And then he greeted Death as an old friend and went with him gladly, and equals, they departed this life” (Deathly Hallows, p.409).
Harry has multiple near-death experiences throughout the series, all of which he faced bravely. Harry never flinched at the possibility of death. “He was more afraid than you were that night, Harry. You had accepted, even embraced, the possibility of death, something Lord Voldemort has never been able to do” (Deathly Hallows, p.711). After his “death” in the Forbidden Forest, Harry is reunited with an unexpected friend at King’s Cross Station.
Harry.” He spread his arms wide, and his hands were both whole and white and undamaged. “You wonderful boy. You brave, brave man. Let us walk.”
Stunned, Harry followed as Dumbledore strode away…
“But you’re dead,” said Harry.
“Oh yes” said Dumbledore matter-of-factly.
“Then…I’m dead, too?”
“Ah,” said Dumbledore, smiling still more broadly. “That is the question, isn’t it? On the whole, dear boy, I think not.”
They looked at each other, the old man still beaming.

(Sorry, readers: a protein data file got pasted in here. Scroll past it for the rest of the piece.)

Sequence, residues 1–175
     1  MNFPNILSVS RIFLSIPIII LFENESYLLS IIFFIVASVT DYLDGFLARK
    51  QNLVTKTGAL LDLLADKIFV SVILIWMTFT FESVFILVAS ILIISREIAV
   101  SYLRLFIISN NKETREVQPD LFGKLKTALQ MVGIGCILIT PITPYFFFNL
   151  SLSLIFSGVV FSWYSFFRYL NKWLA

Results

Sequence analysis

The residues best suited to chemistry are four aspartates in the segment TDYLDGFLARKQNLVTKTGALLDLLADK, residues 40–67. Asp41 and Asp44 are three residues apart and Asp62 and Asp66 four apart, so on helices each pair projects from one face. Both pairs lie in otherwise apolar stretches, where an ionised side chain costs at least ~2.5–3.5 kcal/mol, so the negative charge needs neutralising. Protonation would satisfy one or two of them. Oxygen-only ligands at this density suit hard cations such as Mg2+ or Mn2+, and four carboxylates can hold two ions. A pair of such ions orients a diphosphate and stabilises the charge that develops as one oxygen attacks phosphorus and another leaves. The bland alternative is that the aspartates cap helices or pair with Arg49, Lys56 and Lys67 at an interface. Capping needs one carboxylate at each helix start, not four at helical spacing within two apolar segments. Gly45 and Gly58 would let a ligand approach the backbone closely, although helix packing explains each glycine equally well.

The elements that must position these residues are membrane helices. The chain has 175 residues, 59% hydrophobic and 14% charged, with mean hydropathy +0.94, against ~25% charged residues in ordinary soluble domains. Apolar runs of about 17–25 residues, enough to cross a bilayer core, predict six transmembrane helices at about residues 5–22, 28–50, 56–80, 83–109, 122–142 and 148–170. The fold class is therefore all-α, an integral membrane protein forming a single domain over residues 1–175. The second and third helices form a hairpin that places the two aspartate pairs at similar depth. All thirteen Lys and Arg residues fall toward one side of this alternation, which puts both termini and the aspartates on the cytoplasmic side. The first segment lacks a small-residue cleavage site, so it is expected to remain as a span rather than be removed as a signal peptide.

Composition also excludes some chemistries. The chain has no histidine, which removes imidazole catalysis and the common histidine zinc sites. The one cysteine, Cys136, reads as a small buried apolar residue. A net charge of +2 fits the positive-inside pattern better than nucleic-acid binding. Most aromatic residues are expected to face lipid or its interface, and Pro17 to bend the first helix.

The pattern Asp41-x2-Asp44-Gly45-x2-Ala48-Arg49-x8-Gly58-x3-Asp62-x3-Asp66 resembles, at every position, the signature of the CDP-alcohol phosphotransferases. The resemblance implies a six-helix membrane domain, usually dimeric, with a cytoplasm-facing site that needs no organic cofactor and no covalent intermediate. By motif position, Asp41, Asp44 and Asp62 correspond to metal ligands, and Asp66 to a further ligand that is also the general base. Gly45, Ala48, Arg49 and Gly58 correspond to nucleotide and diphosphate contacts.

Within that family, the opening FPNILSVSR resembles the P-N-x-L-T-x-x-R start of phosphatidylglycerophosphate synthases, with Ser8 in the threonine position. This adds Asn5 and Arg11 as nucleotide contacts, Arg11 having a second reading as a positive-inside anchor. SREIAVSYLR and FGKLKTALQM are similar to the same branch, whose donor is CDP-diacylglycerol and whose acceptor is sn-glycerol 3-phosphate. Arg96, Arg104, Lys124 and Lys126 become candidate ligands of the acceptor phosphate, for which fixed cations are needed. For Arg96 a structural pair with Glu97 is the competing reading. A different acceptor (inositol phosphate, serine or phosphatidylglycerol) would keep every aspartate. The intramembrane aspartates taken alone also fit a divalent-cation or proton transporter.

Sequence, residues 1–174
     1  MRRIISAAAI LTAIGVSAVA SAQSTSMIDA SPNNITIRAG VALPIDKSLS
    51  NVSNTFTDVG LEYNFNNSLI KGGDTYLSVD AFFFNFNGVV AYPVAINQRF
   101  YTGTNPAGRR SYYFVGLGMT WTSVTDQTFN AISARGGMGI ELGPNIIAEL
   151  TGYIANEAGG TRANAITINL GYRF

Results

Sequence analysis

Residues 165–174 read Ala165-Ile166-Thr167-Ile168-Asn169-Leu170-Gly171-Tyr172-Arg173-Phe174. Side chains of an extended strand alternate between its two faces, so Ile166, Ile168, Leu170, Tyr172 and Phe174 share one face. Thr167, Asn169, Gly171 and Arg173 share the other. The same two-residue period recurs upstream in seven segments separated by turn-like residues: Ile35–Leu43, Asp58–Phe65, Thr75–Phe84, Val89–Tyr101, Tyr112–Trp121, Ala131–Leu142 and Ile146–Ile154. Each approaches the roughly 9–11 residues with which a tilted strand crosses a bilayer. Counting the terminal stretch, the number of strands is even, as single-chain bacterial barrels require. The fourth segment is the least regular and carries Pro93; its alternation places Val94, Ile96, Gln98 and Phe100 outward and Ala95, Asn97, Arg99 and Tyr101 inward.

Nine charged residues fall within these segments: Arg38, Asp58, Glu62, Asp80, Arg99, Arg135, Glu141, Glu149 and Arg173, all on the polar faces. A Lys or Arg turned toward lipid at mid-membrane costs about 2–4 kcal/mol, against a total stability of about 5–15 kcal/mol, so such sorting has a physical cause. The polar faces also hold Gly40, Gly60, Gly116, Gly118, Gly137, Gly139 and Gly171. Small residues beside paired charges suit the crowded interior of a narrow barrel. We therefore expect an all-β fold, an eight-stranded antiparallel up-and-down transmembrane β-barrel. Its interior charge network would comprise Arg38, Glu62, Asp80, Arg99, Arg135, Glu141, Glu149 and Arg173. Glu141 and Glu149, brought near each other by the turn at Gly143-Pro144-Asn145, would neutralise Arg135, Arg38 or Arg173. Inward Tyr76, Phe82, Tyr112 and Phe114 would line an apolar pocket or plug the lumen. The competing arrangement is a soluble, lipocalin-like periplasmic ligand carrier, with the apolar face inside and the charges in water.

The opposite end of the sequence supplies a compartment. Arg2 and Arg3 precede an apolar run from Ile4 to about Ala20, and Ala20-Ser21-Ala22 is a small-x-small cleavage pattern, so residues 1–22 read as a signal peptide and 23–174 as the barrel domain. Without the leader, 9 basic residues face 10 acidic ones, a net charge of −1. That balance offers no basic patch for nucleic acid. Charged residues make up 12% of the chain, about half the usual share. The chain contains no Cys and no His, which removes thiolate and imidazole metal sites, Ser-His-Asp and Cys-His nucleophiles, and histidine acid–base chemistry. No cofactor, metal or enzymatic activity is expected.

“Not?” repeated Harry.
“Not,” said Dumbledore.
“But…” Harry raised his hand instinctively toward the lightning scar. It did not seem to be there. “But I should have died – I didn’t defend myself! I meant to let him kill me!”
“And that,” said Dumbledore, “will, I think, have made all the difference.”
Happiness seemed to radiate from Dumbledore like light, like fire; Harry had never seen the man so utterly, so palpably content (Deathly Hallows, p. 707-708).
Dumbledore greets Harry in death as his friend, praising him for his bravery in the face of peril. He offers him his usual vague advice, which he knows Harry will understand, and is delighted in his presence. The two carry on a detailed conversation, which ends with a discussion of the Deathly Hallows, in which Dumbledore not only names Harry his equal, but his superior.
I crave your pardon, Harry. I have known, for some time now, that you are the better man” (Deathly Hallows, p.713).
Albus Dumbledore is an enigma, through and through. Any attempt to pull back his layers just results in more questions and more theories. He is a thoroughly intimidating, wonderfully clever, slightly terrifying wizard – a perfect character representation of Death.